Butternut Squash Soup with Chickpeas

Today’s recipe is a soup that I adapted from an old Sephardic Israeli family recipe. It utilizes two popular Middle Eastern ingredients, chickpeas and butternut squash, to create a hearty soup that is low in calories and full of fiber. The natural sweetness of the squash really compliments the nutty flavor of the chickpeas. The broth is spiced with turmeric, which has strong anti-inflammatory and anti-aging properties. In fact, turmeric is currently being studied as a possible cancer-fighting agent; some people take it in pill form because of its numerous health benefits.

Update: I originally presented two versions of this soup in a single blog… one uses a marrowbone for a savory broth, the other is vegan (click here for vegan version). Recently I did a small blog reorganization and split the two recipes into separate blogs. The recipe that appears here is the meat version. Both versions are healthy, full of flavor, and gluten-free. Enjoy!

Note: It’s important to keep the skin on when dicing the butternut squash. If you use skinned squash, it will dissolve during cooking and the soup will lose its hearty texture.

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Butternut Squash Soup with Chickpeas


2 cans large chickpeas, aka garbanzo beans, drained
2 tbsp extra virgin olive oil
1 yellow onion, diced
1 butternut squash, seeded and cubed (skin on)
1 large kosher beef marrowbone
½ tsp cumin
¼ tsp turmeric
Pinch of cayenne pepper
Salt and black pepper to taste
Fresh parsley, finely chopped (garnish)

Serves 8
Kosher Key: Meat, Kosher for Sephardic Passover

Prep the chickpeas by gently squeezing them one by one to remove the outer skins. Throw the skins away and reserve the chickpeas. Warm the olive oil in a large soup pot over medium heat. Sauté the onion for a few minutes until it begins to caramelize. Add the butternut squash pieces, marrow bone, skinned chickpeas and spices to the pot. Fill the pot with water till all ingredients are completely covered. Bring to a boil, then reduce heat to low. Skim the foam from the top of the broth. Cover the pot, vented slightly, and slowly simmer the soup for 2 hours. Add salt and pepper to taste after the first hour of cooking. Serve hot. Garnish each bowl with fresh parsley.

Comments (12)Post a Comment

  1. This looks so good! Thanks for including a vegan version. I’m a GF vegan so it’s super hard finding recipes that taste good. Can’t wait to try this. You rock shiksa!

  2. Hey Tori, first time writing… loved the VEGAN version… keep those up! Want to encourage vegan lifestyle wherever I can… especially to my fellow tribe members!

  3. Dear Tory,
    I did it again! Read your blog, got the ingredients (vegan style), made the recipe. Delicious. Husband loved it. You are a Jewish girl’s dream come true (especially one who was raised by a mother who thought kraft macaroni and cheese was a gourmet meal). Bless you!


  4. Hi Tori, I hope you had a good Pesach. I have been enjoying your blogging for quite some time. I love your recipes. I understand you had a contest. Am I too late to submit a recipe? I have some matzoh ball soup recipes that are very good. Also beef brisket and potato kugel. Do you have any of those? I think you would like my recipes. Am I too late? Love you and love your blog! Eydie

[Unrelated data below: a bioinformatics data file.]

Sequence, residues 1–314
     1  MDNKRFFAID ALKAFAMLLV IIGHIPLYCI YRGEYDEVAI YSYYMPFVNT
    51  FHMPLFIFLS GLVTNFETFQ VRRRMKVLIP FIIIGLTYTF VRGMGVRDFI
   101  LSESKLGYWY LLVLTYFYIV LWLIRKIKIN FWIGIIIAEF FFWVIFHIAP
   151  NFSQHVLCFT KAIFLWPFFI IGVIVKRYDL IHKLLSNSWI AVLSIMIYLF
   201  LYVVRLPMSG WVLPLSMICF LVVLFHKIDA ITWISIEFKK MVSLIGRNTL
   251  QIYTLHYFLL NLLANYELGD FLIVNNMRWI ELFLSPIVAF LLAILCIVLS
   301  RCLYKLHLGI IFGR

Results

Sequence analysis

5. Torileh.

    Not to be contrary, but we made the version with the marrow bone tonight and LOVED it. None of this vegan stuff for me, I like my soup on the meaty side. I could have even done with some extra stew meat thrown in, slow cooked till it’s really tender, you know? Mmmm might try that next time!


  6. Glad you all like the recipe! I’ll try to post more vegan recipes in the future (and some meaty ones for Michael too! LOL)

    Eydie, unfortunately the contest is over, but you can feel free to submit your recipe for blog or cookbook consideration by clicking this link:

    link to theshiksa.com

    Submissions are considered for coverage in the blog, as well as for my upcoming cookbooks. I love hearing from Jewish family cooks, and would love to read any original recipes you might be willing to share.

  7. Hi Tori. I have been following you on Facebook and have finally had time to check out your site. Like you, I am a Shiska and LOVE to cook.

    I was very happy to find this recipe as it gives me a new use for butternut squash – both my toddler and hubby love it. I do have one question about the recipes and it’s really more out of curiosity than anything else – why skin the beans? I have never seen this step in a recipe before and so am intrigued.

    Keep up the good work. I cannot wait for your cookbook to be published!


  8. Hi Lisa– great question! Garbanzo beans have a bit of skin on the outer layer which tends to fall off when being slowly cooked in a hot liquid (like this soup). This makes for a strange texture in the soup, with little bean skins floating around in the broth. It’s really more aesthetic than anything else, since the soup will taste the same with or without the skins. Feel free to skip this step if you’re running short on time, the flavor will remain the same. 😉

  9. Hi Tori!I just recently discovered you on Fb and just added your site to my favorites! Love your recipes and can’t wait to try one. It makes me feel so nostalgic! I was so pleased to see the vegan version. Please continue with your awesome site and include vegetarian and vegan options! You rock!!

    1. Thanks Amy! So sweet of you to say that. If you use the pull-down menu on my blog page, you’ll find a “Vegan” category with quite a few options for you. :)

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